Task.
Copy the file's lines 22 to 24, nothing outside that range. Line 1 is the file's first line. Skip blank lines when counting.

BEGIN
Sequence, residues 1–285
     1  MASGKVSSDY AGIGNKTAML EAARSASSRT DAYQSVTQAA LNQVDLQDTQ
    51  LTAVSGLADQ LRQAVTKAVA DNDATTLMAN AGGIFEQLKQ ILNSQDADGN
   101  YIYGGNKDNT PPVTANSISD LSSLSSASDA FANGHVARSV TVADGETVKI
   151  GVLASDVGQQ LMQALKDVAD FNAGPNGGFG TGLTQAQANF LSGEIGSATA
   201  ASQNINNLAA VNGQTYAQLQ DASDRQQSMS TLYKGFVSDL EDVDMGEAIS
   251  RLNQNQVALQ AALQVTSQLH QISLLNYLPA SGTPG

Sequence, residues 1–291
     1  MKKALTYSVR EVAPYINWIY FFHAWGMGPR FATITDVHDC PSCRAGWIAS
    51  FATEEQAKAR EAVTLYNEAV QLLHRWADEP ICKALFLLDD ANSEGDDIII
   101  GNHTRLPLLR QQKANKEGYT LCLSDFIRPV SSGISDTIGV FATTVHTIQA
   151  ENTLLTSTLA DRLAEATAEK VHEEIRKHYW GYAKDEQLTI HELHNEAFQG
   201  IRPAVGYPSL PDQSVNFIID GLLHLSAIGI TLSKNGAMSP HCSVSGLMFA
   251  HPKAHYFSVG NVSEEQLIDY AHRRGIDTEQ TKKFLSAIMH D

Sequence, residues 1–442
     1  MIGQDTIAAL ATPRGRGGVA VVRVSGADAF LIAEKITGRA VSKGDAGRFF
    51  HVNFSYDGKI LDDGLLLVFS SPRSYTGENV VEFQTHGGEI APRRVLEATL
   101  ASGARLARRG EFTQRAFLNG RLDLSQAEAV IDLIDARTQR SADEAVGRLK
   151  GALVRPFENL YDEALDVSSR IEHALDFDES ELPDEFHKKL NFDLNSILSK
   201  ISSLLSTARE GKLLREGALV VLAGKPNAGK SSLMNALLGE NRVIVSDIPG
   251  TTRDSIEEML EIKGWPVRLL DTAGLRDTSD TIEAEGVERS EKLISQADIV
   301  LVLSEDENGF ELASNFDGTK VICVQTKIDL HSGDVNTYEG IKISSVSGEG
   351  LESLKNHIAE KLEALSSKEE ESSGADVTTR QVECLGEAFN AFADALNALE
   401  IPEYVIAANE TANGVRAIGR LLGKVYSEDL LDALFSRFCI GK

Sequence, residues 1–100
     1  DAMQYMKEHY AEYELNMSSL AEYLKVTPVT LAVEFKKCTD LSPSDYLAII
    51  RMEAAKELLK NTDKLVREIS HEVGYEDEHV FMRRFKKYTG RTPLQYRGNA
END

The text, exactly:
   301  LVLSEDENGF ELASNFDGTK VICVQTKIDL HSGDVNTYEG IKISSVSGEG
   351  LESLKNHIAE KLEALSSKEE ESSGADVTTR QVECLGEAFN AFADALNALE
   401  IPEYVIAANE TANGVRAIGR LLGKVYSEDL LDALFSRFCI GK